In India, the production and processing of plastics occur on a massive scale; however, a substantial quantity of plastic finds its way into landfills, posing an environmental challenge. One promising solution involves the incorporation of plastic waste into the construction of roads and other building materials.
This innovative approach gained recognition in 2021 when a remarkable 700 kilometres of the National Highway were constructed using plastic-derived materials. The inception of this concept can be traced back to its introduction in Chennai in 2002, marking the beginning of a transformative journey in road construction.
Notably, the Pradhan Mantri Gramin Sadak Yojana has spearheaded the integration of over 13,000 kilometres of plastic-enhanced roads, demonstrating the feasibility and potential benefits of this approach.
As environmental concerns intensify, ongoing investigations are assessing the impact of plastic roads on potential toxic spills and environmental damage. Encouragingly, initial findings are fostering optimism regarding the feasibility and sustainability of this innovative practice.
The Indian Roads Congress underscores that roads incorporating plastic components exhibit greater resistance to rapid deterioration, a notable advantage in the context of infrastructure longevity.
Furthermore, the Central Pollution Control Board has reported a reduced incidence of potholes on roads that incorporate plastic, further highlighting the potential benefits of this approach.
Garments crafted from discarded plastic bottles, specifically Polyethylene Terephthalate (PET), offer tangible benefits to both consumers and the environment. These plastic bottles, plucked from refuse heaps, undergo a meticulous cleansing process before being transformed into versatile polyester fibres.
These fibres find utility as filling material for cushions and pillows, as well as in the creation of textiles. The advent of recycled PET has even extended its reach to the attire of prestigious sports teams, including the esteemed Indian cricket squad. One noteworthy advantage of this eco-conscious approach lies in its reduced resource consumption and diminished carbon footprint.
PET Recycling Industry
However, it is worth noting that there have arisen certain safety concerns associated with the PET recycling process and the quality of resulting yarn. Nevertheless, the sector exhibits rapid growth and development. The town of Panipat has solidified its position as a prominent hub for these endeavours, with the movement gaining momentum in Ludhiana, Punjab, and various cities across Gujarat.
Annually, the nation generates a substantial 10 lakh tonnes of PET waste, with an impressive 90 percent of this volume undergoing processing. As a testament to its potential, the PET recycling industry in India is projected to soar to a remarkable $1.7 billion by the year 2028.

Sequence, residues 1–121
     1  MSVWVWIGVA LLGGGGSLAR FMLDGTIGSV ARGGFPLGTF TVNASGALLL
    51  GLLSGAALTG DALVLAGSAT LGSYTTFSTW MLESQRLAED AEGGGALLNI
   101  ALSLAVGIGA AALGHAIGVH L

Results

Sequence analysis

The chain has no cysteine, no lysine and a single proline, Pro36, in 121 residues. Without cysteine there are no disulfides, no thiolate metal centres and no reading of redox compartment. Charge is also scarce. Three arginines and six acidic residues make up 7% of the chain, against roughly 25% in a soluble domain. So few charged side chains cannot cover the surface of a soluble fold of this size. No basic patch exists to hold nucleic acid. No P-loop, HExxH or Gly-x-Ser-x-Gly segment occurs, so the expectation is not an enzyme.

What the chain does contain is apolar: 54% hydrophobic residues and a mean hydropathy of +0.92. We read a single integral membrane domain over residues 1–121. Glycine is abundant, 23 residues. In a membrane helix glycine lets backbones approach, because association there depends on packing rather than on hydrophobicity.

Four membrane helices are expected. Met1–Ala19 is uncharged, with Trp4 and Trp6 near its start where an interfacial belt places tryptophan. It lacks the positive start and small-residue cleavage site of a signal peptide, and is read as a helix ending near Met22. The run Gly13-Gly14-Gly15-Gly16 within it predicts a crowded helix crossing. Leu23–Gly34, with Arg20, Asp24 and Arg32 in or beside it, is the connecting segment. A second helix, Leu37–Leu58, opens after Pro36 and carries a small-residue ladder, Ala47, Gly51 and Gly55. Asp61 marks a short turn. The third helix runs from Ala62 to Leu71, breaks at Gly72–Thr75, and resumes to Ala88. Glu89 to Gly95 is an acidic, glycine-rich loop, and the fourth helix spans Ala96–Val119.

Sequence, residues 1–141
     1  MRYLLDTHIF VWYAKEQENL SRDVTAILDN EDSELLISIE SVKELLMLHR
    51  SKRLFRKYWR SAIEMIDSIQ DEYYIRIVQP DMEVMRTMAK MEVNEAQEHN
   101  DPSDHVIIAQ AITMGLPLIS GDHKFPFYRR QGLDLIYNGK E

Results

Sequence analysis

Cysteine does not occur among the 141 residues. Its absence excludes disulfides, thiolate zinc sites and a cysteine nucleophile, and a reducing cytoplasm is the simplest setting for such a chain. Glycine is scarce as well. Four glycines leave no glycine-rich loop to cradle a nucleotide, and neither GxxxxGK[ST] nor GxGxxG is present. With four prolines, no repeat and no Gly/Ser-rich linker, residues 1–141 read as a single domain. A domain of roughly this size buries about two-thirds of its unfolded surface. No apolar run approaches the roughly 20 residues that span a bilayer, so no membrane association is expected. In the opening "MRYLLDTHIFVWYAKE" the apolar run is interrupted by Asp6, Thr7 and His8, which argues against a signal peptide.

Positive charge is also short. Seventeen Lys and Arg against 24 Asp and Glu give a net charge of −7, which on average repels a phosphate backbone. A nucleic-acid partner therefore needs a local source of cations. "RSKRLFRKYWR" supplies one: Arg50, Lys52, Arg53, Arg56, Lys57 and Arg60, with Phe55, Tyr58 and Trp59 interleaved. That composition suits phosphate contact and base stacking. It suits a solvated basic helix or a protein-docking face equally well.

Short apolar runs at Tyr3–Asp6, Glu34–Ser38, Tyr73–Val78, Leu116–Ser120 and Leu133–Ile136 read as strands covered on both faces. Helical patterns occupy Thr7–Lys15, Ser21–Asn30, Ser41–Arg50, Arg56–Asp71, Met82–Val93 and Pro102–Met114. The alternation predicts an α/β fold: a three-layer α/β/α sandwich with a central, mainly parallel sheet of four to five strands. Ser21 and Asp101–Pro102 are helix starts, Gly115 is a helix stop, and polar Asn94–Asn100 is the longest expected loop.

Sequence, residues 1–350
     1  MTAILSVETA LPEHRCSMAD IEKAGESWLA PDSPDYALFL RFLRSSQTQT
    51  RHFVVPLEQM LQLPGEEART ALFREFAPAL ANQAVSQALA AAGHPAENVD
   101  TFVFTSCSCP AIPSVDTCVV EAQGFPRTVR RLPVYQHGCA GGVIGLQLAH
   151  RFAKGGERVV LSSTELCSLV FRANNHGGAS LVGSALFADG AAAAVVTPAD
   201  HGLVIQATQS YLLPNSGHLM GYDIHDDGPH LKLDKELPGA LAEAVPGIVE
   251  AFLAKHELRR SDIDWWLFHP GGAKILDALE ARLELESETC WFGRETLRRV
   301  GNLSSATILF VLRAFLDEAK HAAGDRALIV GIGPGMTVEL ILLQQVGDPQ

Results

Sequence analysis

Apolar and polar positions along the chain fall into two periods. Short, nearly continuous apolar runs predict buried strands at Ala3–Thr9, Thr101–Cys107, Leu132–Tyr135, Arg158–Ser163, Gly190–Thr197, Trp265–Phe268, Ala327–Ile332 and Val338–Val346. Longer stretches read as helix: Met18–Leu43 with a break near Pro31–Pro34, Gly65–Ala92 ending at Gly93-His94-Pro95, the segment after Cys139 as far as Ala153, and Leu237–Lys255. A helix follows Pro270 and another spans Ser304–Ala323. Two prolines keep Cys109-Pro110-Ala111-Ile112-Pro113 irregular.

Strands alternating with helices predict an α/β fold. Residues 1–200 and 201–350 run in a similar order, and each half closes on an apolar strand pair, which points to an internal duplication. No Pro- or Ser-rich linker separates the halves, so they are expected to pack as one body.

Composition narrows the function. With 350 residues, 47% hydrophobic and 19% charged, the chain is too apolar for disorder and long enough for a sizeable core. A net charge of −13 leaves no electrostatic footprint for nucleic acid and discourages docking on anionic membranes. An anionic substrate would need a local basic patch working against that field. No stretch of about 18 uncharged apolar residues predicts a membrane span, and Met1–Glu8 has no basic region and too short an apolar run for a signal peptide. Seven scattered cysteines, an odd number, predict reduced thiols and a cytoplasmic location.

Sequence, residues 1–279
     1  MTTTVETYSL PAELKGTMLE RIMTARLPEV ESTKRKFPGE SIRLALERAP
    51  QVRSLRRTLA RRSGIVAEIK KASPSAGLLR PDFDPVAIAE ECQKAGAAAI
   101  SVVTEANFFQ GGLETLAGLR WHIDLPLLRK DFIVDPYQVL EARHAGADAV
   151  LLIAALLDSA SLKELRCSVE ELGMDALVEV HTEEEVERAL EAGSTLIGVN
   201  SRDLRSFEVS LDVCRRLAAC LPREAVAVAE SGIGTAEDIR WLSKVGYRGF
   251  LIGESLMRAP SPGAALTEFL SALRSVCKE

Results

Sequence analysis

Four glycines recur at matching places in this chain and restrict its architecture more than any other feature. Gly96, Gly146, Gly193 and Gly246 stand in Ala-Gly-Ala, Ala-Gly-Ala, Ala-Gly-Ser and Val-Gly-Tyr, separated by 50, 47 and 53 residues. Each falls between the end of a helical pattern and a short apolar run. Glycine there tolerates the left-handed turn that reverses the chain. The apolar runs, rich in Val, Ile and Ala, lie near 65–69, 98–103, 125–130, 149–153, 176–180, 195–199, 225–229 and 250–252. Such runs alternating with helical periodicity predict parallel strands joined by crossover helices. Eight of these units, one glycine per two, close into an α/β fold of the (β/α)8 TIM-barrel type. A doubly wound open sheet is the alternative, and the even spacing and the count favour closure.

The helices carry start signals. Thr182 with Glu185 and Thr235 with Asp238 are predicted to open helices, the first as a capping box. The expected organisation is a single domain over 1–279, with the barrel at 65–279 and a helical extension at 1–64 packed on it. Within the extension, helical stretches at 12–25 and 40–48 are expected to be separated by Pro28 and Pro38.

However, the utility of plastics extends beyond road construction, encompassing a wide range of applications in building construction and structural engineering. India, with an annual plastic production of 90 lakh tonnes, manages to process approximately 60 percent of this waste, underscoring the significance of effective plastic waste management strategies.
Projections also suggest that the plastic waste recycling market is poised to reach a substantial value of $10.2 billion by the year 2030, emphasizing the economic potential and environmental importance of sustainable plastic utilisation and recycling practices.
Prime Minister Modi's Clarion Call to Action
Recognising the severity of the plastic issue, Prime Minister Modi has urged citizens to reduce plastic consumption and opt for recyclable materials like wood, especially in the production of traditional Indian toys.
The Looming Deadline for Paper and Glass
Beside the impending plastic ban, there looms another critical deadline: a prohibition on sending paper and glass to landfills by 2025. The paper dilemma, however, unfolds a dual challenge.
On one front, substantial volumes of paper are still being disposed of improperly. Simultaneously, Indian paper producers grapple with a severe shortage of waste paper as a consequence of reduced consumption amid the COVID-19 pandemic.
According to the Indian Corrugated Case Manufacturers’ Association (ICCMA), waste paper prices in India have doubled, rising from approximately $150 per tonne before COVID-19 to about $300 currently. However, this price increase is not solely due to domestic collection issues and the pandemic but China's actions also contribute to this trend.
The Electronic Waste Challenge
India is also grappling with the challenge of managing the growing volume of waste, particularly electronic waste, which has surged in recent years. Although regulations dating back to 2018 require manufacturers to establish systems for recycling discarded electronic devices, these efforts have made limited progress. In 2020, only 312 businesses across India were authorized to recycle electronic waste.